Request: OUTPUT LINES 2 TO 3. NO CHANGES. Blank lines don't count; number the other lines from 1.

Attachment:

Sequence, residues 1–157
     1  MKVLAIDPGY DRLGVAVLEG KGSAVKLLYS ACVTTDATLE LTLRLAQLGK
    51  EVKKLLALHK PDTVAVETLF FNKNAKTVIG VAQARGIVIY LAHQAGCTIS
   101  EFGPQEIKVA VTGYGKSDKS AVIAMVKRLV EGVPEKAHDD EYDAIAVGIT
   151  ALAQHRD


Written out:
     1  MKVLAIDPGY DRLGVAVLEG KGSAVKLLYS ACVTTDATLE LTLRLAQLGK
    51  EVKKLLALHK PDTVAVETLF FNKNAKTVIG VAQARGIVIY LAHQAGCTIS